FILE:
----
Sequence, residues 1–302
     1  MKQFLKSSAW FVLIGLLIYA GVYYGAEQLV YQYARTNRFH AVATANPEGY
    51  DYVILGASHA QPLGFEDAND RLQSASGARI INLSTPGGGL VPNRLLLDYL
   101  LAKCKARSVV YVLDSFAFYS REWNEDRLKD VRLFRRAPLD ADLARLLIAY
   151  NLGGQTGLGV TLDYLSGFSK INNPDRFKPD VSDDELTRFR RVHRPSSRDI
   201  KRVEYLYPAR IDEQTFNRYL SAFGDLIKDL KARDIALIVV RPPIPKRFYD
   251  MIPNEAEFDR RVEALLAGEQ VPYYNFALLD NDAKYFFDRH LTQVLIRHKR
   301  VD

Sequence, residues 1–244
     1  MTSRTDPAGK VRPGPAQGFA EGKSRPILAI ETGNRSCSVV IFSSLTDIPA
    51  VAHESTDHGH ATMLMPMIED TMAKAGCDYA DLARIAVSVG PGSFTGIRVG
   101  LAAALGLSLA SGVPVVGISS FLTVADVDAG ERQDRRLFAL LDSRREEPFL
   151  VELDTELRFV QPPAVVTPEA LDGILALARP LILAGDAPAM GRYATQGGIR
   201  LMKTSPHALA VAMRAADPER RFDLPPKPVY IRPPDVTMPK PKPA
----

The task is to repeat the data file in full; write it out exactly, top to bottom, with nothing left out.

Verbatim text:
Sequence, residues 1–302
     1  MKQFLKSSAW FVLIGLLIYA GVYYGAEQLV YQYARTNRFH AVATANPEGY
    51  DYVILGASHA QPLGFEDAND RLQSASGARI INLSTPGGGL VPNRLLLDYL
   101  LAKCKARSVV YVLDSFAFYS REWNEDRLKD VRLFRRAPLD ADLARLLIAY
   151  NLGGQTGLGV TLDYLSGFSK INNPDRFKPD VSDDELTRFR RVHRPSSRDI
   201  KRVEYLYPAR IDEQTFNRYL SAFGDLIKDL KARDIALIVV RPPIPKRFYD
   251  MIPNEAEFDR RVEALLAGEQ VPYYNFALLD NDAKYFFDRH LTQVLIRHKR
   301  VD

Sequence, residues 1–244
     1  MTSRTDPAGK VRPGPAQGFA EGKSRPILAI ETGNRSCSVV IFSSLTDIPA
    51  VAHESTDHGH ATMLMPMIED TMAKAGCDYA DLARIAVSVG PGSFTGIRVG
   101  LAAALGLSLA SGVPVVGISS FLTVADVDAG ERQDRRLFAL LDSRREEPFL
   151  VELDTELRFV QPPAVVTPEA LDGILALARP LILAGDAPAM GRYATQGGIR
   201  LMKTSPHALA VAMRAADPER RFDLPPKPVY IRPPDVTMPK PKPA